Prime Minister announces £20m Institute of Coding – but Scottish universities are left out in the cold
The next generation of digital specialists will be created through a new Institute of Coding, the UK Government has announced – a consortium of universities, businesses and industry experts are set to receive £20m to tackle the UK’s digital skills gap.
Speaking at the World Economic Forum 2018 in Davos, Prime Minister Theresa May spoke about how the Institute of Coding, part of the Government’s efforts to increase digital skills through its Industrial Strategy, “will equip people of all ages with the skills they need”.
The consortium is formed of businesses including IBM, Cisco, BT and Microsoft, small and medium-sized enterprises (SMEs), 25 English universities, and professional bodies such as the British Computer Society and CREST.
The universities involved, led by the University of Bath, range from sector leaders in business and computer science (UCL and Newcastle University) to experts in arts and design (University of the Arts) to specialists in widening participation and outreach (Open University and Birkbeck, University of London).
UK Universities Minister Sam Gyimah said: “A world-class pipeline of digital skills are essential to the UK’s ability to shape our future. By working together, universities, employers and industry leaders can help graduates build the right skills, in fields from cybersecurity to artificial intelligence to industrial design.
“The Institute of Coding will play a central role in this. Employers will have a tangible input to the curriculum, working hand-in-hand with universities to develop specialist skills in areas where they are needed most. As we have outlined in the Industrial Strategy, this is part of our ambition to embrace technological change and give us a more competitive edge in the future.”
The Government’s £20m investment will be matched by a further £20m from industry, including in-kind contributions such as training and equipment.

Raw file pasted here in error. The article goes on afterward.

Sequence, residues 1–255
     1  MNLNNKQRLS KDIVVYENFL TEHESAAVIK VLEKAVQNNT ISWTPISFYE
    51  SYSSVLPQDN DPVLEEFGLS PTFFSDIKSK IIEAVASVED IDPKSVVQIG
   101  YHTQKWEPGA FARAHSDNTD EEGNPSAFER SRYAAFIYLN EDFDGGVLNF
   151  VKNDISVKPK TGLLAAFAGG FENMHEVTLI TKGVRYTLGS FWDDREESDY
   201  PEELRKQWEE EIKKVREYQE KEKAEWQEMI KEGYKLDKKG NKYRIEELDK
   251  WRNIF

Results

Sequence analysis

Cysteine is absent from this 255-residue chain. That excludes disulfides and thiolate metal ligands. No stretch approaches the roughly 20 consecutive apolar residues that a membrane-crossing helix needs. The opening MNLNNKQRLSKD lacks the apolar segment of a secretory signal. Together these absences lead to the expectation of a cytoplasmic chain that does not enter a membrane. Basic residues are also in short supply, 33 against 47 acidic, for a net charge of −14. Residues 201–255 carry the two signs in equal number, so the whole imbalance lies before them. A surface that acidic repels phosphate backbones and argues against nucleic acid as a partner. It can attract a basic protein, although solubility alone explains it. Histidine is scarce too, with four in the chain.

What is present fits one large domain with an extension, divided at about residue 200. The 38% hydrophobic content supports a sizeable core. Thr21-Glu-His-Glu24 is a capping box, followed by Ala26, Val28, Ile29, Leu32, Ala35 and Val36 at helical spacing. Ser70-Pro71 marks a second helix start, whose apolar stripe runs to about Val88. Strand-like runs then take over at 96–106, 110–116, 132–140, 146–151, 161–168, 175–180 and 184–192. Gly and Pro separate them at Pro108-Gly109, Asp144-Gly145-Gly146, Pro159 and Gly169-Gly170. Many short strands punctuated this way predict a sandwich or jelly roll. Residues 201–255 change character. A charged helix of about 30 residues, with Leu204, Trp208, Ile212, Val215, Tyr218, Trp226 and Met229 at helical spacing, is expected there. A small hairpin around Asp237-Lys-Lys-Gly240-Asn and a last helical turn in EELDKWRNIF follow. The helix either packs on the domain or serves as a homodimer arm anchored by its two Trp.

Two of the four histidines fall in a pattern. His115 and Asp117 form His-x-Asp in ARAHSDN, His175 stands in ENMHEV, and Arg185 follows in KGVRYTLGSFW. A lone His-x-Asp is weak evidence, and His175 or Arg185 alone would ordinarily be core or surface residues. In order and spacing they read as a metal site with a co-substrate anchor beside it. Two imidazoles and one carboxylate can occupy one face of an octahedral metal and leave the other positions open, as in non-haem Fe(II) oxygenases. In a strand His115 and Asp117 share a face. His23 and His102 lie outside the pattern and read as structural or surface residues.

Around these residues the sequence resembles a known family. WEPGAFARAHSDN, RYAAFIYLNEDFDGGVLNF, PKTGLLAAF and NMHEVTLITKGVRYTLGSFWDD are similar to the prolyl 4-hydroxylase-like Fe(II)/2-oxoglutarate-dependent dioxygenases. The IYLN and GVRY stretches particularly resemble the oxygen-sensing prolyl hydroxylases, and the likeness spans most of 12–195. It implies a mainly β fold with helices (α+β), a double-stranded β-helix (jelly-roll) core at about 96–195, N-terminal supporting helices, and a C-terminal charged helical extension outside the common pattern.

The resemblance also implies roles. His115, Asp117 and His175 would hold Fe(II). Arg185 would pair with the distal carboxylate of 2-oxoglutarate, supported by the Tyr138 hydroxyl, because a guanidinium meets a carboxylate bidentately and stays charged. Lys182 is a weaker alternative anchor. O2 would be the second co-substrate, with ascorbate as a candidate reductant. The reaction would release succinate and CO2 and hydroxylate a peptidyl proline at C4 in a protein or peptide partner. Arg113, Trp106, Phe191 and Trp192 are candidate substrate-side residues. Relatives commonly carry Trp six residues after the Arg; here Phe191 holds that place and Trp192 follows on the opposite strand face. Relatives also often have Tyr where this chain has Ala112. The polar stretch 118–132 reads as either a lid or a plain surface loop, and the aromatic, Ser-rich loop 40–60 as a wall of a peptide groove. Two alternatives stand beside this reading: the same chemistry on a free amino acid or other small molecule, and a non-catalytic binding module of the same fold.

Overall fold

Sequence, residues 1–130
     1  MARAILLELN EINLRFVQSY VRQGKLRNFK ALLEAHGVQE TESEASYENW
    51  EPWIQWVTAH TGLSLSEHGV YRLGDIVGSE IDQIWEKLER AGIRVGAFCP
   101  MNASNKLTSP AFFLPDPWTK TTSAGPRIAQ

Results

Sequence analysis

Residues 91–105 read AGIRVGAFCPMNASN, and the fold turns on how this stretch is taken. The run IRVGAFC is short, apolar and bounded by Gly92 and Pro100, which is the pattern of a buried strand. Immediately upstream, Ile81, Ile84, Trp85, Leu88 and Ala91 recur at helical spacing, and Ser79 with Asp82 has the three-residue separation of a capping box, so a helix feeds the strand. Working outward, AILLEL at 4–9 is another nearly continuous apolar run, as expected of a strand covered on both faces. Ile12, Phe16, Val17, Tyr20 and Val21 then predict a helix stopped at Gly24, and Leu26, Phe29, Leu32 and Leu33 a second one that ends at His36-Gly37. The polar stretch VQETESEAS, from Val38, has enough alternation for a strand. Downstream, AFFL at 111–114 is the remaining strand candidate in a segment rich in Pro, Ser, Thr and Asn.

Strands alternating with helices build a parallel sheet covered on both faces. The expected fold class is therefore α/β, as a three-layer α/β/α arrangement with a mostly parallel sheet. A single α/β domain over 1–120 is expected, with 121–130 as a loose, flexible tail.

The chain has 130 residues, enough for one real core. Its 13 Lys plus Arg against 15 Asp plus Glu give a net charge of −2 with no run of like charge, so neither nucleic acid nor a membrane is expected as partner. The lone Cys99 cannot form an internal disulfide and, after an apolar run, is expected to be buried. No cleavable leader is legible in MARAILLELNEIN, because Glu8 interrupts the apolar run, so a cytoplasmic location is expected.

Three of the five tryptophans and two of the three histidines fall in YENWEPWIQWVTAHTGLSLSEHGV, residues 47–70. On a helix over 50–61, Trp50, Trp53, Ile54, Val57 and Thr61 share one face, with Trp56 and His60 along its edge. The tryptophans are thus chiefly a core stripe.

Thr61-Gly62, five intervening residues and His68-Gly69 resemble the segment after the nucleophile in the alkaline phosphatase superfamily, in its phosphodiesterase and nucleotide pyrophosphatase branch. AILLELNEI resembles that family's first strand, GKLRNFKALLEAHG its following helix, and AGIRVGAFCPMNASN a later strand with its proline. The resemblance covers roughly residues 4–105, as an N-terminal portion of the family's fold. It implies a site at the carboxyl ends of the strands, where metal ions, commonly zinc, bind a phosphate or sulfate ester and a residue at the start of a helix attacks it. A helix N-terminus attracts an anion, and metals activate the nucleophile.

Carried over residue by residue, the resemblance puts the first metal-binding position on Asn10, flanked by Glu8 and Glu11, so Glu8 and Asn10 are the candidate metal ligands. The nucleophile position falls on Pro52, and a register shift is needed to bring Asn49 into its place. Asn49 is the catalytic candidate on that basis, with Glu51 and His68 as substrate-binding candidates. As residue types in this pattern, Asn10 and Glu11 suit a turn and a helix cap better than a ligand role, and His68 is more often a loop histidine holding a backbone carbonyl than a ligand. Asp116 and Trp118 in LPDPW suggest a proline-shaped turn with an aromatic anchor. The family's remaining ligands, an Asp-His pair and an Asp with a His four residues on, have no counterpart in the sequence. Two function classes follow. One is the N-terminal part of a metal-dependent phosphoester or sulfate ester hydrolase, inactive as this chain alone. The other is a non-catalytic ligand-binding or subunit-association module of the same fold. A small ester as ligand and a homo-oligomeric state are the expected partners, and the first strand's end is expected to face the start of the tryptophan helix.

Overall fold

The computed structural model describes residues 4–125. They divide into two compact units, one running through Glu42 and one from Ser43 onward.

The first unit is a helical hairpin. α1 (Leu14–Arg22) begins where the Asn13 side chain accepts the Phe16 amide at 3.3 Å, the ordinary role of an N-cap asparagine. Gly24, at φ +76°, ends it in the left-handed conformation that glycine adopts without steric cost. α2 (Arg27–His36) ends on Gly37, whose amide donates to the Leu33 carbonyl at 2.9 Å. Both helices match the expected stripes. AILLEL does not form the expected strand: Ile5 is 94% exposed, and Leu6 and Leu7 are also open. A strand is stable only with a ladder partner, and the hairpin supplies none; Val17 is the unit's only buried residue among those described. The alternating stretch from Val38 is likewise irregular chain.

Dr Rachid Hourizi, Director of the Institute, said: “[Its] strength lies in the fact that it brings together educators, employers and outreach groups to co-develop digital skills education at undergraduate and masters level for learners in universities, at work and in previously under-supported groups across the country.
“In addition, we’ll work with our partners to target underrepresented talent through outreach activities, tailored and inclusive curricula, flexible delivery and removal of barriers to working in the industry.”
BT, among others, will provide staff and training for the Institute of Coding’s undergraduate and masters programmes. Gavin Patterson, BT Group chief executive, said: “We are particularly pleased that industry will have the opportunity to build on its work within the Tech Partnership and our existing degree apprenticeship schemes, setting standards and promoting degrees that are aligned to employer needs.”
The UK Government also announced that it is investing £9m in the Centre for Data Ethics and Innovation, as part of plans to make the UK “the best place in the world for businesses developing artificial intelligence (AI) to start, grow and thrive”. It will advise on the measures needed to enable and ensure safe, ethical and innovative uses of data-driven technologies.
The UK already benefits from a world-class regulatory regime, said the Government, and the centre will build on this by making sure the country understands and responds to the rapidly evolving ways in which data is impacting our lives.
The centre will aim to make sure the UK has a governance regime which fully supports both ethical and innovative uses of these technologies. It will deliver its work through extensive engagement with industry, regulators, civil society and the public.